Turbo Symposium 2014 at Houston showcases industry’s latest

The 43rd Turbomachinery and 30th Pump Users Symposium took place in Houston in September under the auspices of Texas A&M University’s Turbomachinery Laboratory. Dr. Dara Childs, Director of the Turbomachinery Lab commenced proceedings, announcing a highest ever attendance of more than 6150 attendees from over 50 countries.

Those in attendance represented the petrochemical, oil refining, oil and gas production utility, power, aerospace and other related industries. And they were treated to a program of lectures, tutorials and case studies spanning every aspect of turbomachinery and pump design operation and maintenance.

Lessons in turbo history

Paul Cooper, Founding Member of the Pump Advisory Committee, delivered the keynote. His theme, advancing the pump and turbomachinery innovation by building on the past, enabled him to deliver a history lesson on the rich history of the Turbomachinery and Pump Symposium as a venue to showcase the latest and greatest in the industry. He noted the many groundbreaking papers delivered there over the years, all still available in an extensive database.

“The archives of the symposium can help us in achieving goals such as better water injection under extreme pressure for deep sea wells,” said Cooper. “As the wellhead pressure is much greater than the hydrostatic water pressure at the sea bottom, injection pumps need to be able to generate about 15000 psi, which is at least twice the current maximum.”

Areas requiring developmental attention to reach such high pressures, according to Cooper, include minimizing pressure pulsations and stresses, vibration, resonance, cavitation damage and fluid dynamic thrust loading. To avoid cavitation damage, he suggested that the industry needs impellers than can operate at higher inlet tip speeds without cavitating.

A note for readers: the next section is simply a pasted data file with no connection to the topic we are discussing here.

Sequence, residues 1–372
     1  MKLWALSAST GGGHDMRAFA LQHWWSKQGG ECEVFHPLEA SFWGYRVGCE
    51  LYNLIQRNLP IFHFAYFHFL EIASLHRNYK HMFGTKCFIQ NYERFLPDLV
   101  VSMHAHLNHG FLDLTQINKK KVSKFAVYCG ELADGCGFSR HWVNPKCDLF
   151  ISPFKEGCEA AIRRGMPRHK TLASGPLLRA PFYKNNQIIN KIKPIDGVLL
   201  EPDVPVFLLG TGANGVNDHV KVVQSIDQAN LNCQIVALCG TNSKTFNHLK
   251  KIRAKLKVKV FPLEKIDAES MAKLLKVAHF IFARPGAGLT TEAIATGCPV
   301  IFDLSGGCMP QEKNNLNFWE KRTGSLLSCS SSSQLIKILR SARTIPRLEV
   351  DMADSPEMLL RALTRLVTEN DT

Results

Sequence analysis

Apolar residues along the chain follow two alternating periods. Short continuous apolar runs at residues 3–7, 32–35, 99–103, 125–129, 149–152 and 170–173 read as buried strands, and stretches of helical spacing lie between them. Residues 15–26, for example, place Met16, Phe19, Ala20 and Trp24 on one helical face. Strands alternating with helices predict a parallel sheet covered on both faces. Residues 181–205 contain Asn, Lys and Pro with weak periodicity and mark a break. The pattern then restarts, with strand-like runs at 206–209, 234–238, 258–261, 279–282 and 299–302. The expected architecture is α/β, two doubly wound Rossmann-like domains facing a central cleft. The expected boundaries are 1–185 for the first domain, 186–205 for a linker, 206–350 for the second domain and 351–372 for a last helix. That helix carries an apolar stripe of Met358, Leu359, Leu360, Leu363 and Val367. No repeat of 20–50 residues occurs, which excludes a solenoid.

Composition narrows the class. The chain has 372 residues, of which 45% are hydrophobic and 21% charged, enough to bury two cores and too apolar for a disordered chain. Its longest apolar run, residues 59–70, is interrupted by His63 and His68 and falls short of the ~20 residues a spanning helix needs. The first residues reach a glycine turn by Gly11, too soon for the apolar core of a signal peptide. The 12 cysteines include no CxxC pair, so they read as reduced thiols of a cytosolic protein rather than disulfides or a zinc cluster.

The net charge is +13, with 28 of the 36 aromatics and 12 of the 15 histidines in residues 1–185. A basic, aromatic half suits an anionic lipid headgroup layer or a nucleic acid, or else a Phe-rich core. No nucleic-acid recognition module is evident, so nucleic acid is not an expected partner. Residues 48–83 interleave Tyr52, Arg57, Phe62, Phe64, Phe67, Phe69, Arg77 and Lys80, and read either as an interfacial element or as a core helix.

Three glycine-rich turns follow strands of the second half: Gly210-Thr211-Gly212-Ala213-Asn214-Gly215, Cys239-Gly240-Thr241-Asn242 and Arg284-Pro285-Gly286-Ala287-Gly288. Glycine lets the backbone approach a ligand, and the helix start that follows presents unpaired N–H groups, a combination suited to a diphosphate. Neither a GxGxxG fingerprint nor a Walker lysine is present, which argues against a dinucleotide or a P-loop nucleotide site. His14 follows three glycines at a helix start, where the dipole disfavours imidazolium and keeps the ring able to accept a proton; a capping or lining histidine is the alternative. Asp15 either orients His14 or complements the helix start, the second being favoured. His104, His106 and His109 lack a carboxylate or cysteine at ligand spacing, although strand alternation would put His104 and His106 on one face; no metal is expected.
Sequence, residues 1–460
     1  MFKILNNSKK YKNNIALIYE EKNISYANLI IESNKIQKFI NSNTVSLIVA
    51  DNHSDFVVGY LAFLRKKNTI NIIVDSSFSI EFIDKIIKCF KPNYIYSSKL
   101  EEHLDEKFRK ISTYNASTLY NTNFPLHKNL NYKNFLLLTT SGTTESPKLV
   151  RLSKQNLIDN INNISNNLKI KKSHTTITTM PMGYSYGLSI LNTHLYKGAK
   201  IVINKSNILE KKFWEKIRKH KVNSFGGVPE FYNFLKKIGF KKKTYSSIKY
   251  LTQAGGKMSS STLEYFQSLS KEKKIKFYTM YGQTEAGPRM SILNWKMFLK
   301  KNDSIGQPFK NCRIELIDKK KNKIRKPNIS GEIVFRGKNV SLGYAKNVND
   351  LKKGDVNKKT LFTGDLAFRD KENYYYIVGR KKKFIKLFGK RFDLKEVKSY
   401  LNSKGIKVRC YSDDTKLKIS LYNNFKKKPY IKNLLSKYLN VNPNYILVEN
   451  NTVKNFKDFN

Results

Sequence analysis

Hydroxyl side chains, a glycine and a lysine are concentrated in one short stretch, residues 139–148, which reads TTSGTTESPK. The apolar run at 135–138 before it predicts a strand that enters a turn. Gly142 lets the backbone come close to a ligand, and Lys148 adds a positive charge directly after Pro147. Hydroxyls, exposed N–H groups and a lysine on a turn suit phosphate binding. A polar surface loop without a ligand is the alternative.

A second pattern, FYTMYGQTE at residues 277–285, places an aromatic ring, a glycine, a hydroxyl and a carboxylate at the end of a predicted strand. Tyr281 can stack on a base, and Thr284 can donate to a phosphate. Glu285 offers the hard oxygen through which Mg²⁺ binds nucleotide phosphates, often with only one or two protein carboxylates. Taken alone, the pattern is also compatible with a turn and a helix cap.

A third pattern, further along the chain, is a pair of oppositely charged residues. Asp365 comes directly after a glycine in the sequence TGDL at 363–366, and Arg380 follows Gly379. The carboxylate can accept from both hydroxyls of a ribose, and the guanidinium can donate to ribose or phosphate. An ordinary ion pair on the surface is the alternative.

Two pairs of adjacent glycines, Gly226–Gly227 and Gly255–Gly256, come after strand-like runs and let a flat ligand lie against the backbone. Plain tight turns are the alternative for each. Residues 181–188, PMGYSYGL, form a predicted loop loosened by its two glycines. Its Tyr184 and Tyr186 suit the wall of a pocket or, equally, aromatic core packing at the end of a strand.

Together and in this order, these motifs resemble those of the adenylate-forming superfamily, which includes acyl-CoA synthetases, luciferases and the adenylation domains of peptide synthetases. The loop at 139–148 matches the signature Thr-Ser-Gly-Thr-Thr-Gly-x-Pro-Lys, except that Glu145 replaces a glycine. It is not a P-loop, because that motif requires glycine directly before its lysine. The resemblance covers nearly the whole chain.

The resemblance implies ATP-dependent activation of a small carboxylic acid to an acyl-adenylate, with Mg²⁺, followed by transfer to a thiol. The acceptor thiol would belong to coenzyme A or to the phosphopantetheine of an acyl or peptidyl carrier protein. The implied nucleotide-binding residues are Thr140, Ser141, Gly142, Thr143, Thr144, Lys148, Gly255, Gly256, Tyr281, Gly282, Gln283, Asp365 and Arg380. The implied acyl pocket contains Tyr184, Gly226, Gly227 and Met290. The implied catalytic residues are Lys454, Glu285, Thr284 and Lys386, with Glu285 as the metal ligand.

Offshore oil and gas fields

With the oil and gas sector experiencing a major boom, we are seeing a rise in the deployment of turbomachinery offshore. Floating Production Storage and Offloading Vessels (FPSOs), for example, are a popular choice for large offshore oil and gas fields. Major clusters of these ships are found in Brazil, the North Sea, West Africa, and in the Asia Pacific region.

“FPSOs, which are giant ships with gas processing plants on them, are found near the largest offshore oil and gas fields,” said Harry Miller, Dresser Rand’s Director of Emerging Technologies. “As there can be up to an 18 percent roll angle aboard, this amount of motion has to be considered in the engineering.”

That’s why the drivers and onboard compressors have to be packaged carefully with special base plates that compensate for pitch and roll while minimizing torque, bending and vibration. Dresser-Rand supplies three base package designs: a torque box, a torque tube or wide flange beams to support the compressor package.

While FPSOs are a proven technology, subsea compression is still earning its stripes (Turbomachinery International Sept/October 2014). Yet the topic was front and center at the Turbo Symposium and was one of the most talked about subjects within the exhibit floor.

Thom Eldridge, Senior Rotating Equipment Director at Shell, gave an overview of the subject of subsea processing which encompasses pumping, electrical, separation, reinjection and compression. While early work in subsea boosting used turbine drivers, the current trend is towards electric-motor driven equipment. Particularly when it comes to subsea compression, water depths and the hermetically sealed nature of the packages require an electric motor.

You can read the rest of this article in the 2015 Turbomachinery handbook.